By Bishop Peggy A. Johnson
This season I have been pondering “love.” According to the Apostle Paul, it “bears all things, believes all things, hopes all things, endures all things. (I Corinthians 13:7).
In a sense, it has been the theme of both of our annual conferences. Eastern PA (June 13-15) emphasized the importance of passing down the generational love of God through evangelism. Peninsula Delaware’s annual conference (May 30-June 1) called us to be out in the world engaging in acts of sacrificial love.
Love knows no bounds, is accessible to all, is contagious and, like blood type O- negative, it is the universal donor. Love continues on and on in an unending stream of goodness and life.
The last week of June I traveled to the Northeastern Jurisdictional College of Bishops meeting in Pittsburgh, Pa., where I encountered a bridge adorned with “locks of love.” This phenomena can be found all around the world. Countless people attach padlocks to chain-link fences on bridges as symbols of their love commitment to significant others.
So popular is this kind of padlocking that from time to time municipal officials have to remove locks because the sheer weight of them can compromise the integrity of popular bridges. The locks symbolize permanence and faithfulness to a promise, another characteristic of love. The sheer weight of love can conquer anything, even the structure of a mammoth bridge.
Last week I flew to Kansas City for Youth 2019, the denomination’s quadrennial gathering to celebrate and enhance youth ministry. The theme was “Love-Well.”
There I encountered the faces of over 3,000 young people seeking to be the loving presence of Christ in this world. They were concerned about immigration, the environment, the place of LGBTQIA+ members in our church, and the hard, hard task of loving enemies.
I taught a class there along with a few other leaders from the UM Association of Ministers with Disabilities. We taught about accessibility for youth who have physical and emotional challenges.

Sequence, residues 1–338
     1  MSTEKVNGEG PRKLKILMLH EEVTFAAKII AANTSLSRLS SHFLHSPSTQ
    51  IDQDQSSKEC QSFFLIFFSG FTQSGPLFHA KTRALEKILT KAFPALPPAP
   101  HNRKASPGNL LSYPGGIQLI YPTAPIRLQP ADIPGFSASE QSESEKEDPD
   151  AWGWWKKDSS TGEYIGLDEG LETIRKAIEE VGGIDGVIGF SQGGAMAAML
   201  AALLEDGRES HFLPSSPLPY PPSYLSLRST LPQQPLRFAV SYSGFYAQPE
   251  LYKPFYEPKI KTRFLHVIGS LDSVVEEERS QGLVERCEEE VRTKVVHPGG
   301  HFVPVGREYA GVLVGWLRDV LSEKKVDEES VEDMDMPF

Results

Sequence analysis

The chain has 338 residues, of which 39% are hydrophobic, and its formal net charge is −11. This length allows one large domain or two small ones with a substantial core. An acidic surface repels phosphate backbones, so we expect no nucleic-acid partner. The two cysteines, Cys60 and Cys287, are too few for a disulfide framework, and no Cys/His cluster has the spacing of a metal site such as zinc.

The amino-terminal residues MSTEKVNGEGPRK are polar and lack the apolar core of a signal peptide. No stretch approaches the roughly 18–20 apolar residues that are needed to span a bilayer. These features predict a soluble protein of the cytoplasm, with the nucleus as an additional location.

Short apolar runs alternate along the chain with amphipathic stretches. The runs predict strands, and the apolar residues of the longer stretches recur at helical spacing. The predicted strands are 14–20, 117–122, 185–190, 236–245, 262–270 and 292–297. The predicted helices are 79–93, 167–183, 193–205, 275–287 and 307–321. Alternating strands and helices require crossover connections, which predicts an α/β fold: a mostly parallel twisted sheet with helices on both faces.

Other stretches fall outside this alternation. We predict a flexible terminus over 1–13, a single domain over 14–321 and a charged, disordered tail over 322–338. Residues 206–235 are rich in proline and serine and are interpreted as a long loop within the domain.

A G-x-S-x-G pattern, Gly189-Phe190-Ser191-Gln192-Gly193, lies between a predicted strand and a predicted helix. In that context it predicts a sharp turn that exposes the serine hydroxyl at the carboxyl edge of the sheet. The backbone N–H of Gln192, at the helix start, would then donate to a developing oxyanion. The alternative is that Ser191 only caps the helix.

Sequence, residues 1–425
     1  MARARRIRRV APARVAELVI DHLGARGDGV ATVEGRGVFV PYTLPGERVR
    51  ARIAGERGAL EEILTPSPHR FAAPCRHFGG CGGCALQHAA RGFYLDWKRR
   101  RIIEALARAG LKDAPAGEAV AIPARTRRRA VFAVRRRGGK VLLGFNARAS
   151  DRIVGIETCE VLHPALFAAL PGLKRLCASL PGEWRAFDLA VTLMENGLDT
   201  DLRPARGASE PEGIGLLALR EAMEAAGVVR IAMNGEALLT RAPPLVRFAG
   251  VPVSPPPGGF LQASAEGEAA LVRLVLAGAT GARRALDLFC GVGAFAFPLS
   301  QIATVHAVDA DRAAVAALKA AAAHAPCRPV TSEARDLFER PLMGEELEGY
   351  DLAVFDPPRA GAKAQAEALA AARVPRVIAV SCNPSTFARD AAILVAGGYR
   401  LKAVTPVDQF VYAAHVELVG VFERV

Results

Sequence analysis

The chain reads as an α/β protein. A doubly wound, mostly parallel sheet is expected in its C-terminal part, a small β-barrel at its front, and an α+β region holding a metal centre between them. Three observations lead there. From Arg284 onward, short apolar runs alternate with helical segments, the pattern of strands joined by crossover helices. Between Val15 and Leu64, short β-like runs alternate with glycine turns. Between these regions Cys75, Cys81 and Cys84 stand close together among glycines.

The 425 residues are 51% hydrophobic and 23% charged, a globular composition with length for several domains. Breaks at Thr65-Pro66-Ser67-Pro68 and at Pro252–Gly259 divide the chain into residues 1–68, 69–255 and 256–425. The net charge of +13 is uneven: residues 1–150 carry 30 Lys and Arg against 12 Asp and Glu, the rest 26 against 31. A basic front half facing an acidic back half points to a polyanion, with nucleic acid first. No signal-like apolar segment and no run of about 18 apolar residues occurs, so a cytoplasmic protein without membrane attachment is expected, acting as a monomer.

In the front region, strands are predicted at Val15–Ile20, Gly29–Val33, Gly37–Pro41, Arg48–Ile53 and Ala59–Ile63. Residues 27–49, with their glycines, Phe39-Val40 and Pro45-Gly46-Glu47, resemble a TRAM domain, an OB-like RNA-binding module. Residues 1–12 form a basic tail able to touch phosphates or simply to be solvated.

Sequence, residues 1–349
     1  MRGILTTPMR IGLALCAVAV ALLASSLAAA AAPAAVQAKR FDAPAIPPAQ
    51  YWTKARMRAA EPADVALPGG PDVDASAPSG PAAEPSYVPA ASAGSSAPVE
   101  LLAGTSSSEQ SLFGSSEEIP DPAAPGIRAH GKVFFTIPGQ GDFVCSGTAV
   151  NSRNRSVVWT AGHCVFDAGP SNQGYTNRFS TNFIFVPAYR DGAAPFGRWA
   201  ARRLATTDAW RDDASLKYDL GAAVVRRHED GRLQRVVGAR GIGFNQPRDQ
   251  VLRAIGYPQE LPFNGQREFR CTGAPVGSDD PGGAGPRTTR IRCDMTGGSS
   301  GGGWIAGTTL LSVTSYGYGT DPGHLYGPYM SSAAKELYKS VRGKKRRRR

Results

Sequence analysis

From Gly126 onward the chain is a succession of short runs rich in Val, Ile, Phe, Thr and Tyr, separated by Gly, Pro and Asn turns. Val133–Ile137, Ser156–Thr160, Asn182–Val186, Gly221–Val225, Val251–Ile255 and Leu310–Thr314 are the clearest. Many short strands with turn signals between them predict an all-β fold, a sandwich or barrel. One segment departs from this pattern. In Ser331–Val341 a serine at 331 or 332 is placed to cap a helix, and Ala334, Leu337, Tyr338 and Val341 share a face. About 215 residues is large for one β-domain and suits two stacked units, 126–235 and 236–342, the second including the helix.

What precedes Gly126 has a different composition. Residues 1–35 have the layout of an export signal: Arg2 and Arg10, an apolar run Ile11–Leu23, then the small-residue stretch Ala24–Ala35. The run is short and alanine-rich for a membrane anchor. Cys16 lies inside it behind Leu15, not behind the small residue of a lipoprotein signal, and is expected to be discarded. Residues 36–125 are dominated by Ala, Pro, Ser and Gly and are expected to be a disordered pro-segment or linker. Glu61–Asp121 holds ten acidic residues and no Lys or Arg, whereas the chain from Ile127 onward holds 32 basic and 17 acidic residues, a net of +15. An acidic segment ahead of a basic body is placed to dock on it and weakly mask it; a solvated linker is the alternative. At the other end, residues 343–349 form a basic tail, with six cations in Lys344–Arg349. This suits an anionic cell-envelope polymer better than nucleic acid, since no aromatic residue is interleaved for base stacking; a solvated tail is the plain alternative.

The theme of love appeared again and again in our conversations, including: how to be in ministry with those on the margins; how to create spaces and accessibility for equality of participation; and how to explore the giftedness of the disability community.
At the end of the day, it is all about love. It is that simple, it is that hard. It means waking up every morning and praying that one can be an agent of love in the world. It means doing the challenging work of getting yourself out of the way and putting Christ and others first.
The Holy Club of Oxford University that John and Charles Wesley led in 1729 required its members to undergo a rigorous self-examination each day with 22 questions. Each one boils down to holiness of life and focus so that love can shine through.
This Holy Club changed the world. Most of the 25 members of this club eventually became legendary leaders of the Great Awakening, a widespread religious revival of that era that changed the world forever with love.
This still works today, especially during these polarizing times. As we make love our focus, all the other things of life fall into place. As Paul reminds us love never fails (I Corinthians 13:8).